A close-up of the newly discovered double statue of Amenhotep III and Re-Horakhti. The statue was found during SCA excavations at the site of Amenhotep III’s mortuary temple on the west bank of Luxor. The statue was beautifully carved out of Aswan red granite, but interestingly it has inclusions of a darker solid stone that can be seen in the faces of the two figures.
Amenhotep III enjoyed the distinction of having the most surviving statues of any Egyptian pharaoh, with over 250 of his statues having been discovered and identified. Since these statues span his entire life, they provide a series of portraits covering the entire length of his reign.
Another striking characteristic of Amenhotep III’s reign is the series of over 200 large commemorative stine scarabs that have been discovered over a large geographic area ranging from Syria (Ras Shamara) through to Soleb in Nubia. Their lengthy inscribed texts extol the accomplishments of the pharaoh. For instance, 123 of these commemorative scarabs record the large number of lions (either 102 or 110 depending on the reading) that Amenhotep III killed “with his own arrows” from his first regnal year up to his tenth year. Similarly, five other scarabs state that the foreign princess who would become a wife to him, Gilukhepa, arrived in Egypt with a retinue of 317 women. She was the first of many such princesses who would enter the pharaoh’s household.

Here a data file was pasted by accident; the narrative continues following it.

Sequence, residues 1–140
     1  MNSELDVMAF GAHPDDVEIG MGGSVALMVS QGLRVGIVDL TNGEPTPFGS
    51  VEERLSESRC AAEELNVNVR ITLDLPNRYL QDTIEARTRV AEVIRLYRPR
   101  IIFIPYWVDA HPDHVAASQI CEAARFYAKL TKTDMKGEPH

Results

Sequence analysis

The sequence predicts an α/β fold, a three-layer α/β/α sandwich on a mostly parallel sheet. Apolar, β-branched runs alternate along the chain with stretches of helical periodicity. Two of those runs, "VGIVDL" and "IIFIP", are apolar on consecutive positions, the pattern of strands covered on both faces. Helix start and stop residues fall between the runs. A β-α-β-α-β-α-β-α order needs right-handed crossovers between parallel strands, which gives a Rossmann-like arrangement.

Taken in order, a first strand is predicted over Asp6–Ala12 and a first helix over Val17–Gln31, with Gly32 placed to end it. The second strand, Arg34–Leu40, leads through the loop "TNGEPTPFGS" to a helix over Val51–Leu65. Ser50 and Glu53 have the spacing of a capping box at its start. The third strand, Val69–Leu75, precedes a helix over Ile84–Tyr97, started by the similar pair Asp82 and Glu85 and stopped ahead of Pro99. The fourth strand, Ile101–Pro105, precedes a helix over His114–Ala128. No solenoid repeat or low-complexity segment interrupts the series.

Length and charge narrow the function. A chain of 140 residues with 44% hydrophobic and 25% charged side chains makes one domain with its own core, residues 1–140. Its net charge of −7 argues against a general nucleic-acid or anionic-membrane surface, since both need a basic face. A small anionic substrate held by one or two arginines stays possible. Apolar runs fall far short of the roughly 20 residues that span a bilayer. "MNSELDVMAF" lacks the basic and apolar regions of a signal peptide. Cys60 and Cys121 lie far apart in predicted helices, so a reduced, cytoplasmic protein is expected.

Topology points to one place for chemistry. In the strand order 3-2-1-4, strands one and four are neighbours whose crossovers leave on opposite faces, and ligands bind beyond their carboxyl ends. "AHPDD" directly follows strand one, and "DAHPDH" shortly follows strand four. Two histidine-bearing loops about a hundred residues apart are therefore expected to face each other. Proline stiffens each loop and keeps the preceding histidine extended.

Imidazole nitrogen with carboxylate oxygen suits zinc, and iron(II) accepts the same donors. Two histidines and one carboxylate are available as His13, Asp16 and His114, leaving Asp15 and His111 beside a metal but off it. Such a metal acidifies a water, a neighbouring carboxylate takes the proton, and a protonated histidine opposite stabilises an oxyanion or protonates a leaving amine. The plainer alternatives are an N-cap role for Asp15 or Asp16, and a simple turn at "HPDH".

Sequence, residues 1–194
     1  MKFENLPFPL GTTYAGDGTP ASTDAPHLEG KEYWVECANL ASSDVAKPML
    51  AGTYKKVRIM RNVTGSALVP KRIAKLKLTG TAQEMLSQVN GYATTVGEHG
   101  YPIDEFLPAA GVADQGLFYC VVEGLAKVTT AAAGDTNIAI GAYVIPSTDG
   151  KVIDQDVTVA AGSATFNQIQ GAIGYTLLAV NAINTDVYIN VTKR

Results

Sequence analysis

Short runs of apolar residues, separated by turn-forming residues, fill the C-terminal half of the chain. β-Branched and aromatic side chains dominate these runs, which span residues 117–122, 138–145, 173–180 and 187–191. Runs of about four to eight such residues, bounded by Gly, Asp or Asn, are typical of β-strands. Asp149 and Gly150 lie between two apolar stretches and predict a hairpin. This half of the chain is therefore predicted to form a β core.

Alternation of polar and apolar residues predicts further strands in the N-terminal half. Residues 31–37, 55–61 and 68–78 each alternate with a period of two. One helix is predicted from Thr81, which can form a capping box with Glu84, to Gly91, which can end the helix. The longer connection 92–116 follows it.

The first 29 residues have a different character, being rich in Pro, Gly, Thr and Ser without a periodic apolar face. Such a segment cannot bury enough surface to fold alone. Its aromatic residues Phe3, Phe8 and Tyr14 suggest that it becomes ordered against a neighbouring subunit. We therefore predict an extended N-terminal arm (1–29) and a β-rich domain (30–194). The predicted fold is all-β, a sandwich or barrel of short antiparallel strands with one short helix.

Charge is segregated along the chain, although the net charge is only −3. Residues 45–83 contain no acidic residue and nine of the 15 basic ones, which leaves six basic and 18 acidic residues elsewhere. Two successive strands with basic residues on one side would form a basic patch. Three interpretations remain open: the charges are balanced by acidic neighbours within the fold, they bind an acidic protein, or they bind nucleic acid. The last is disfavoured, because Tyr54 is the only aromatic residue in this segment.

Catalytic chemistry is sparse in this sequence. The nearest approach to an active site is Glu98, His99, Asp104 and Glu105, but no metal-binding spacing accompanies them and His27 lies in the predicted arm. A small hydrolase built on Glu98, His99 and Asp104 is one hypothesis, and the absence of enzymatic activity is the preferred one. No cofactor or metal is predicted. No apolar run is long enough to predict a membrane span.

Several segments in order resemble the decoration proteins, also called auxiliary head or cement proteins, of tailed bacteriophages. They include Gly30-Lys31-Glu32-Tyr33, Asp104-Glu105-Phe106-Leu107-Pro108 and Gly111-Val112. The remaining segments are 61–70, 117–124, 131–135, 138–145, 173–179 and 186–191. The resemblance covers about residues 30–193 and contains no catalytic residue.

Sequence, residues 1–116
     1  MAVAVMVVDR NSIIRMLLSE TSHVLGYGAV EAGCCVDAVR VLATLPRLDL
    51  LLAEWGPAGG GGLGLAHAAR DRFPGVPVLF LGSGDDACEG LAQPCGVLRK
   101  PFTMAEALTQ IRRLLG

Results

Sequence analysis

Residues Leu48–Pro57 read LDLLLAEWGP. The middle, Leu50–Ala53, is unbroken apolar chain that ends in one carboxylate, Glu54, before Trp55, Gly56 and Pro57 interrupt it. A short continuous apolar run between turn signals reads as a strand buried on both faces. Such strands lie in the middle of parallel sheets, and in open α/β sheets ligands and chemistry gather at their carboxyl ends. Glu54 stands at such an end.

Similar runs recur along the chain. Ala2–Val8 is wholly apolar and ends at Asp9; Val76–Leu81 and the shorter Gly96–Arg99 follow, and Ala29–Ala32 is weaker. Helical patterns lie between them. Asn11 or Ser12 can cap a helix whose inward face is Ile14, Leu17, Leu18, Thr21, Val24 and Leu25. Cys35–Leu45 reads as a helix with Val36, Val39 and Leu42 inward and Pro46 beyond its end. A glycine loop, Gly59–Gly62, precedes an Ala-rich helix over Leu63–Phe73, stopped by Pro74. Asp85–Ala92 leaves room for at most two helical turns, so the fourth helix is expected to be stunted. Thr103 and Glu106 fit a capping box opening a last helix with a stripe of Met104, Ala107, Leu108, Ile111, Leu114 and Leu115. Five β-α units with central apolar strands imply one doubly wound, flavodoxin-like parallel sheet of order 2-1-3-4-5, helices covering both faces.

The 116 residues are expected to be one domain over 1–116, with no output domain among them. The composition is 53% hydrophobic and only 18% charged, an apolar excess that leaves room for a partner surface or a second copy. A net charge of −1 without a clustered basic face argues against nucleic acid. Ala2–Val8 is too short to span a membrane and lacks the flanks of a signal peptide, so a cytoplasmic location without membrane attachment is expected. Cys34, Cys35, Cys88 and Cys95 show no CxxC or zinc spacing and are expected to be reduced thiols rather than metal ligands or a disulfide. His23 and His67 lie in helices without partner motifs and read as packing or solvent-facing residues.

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Posted By: Shaimaa Ahmed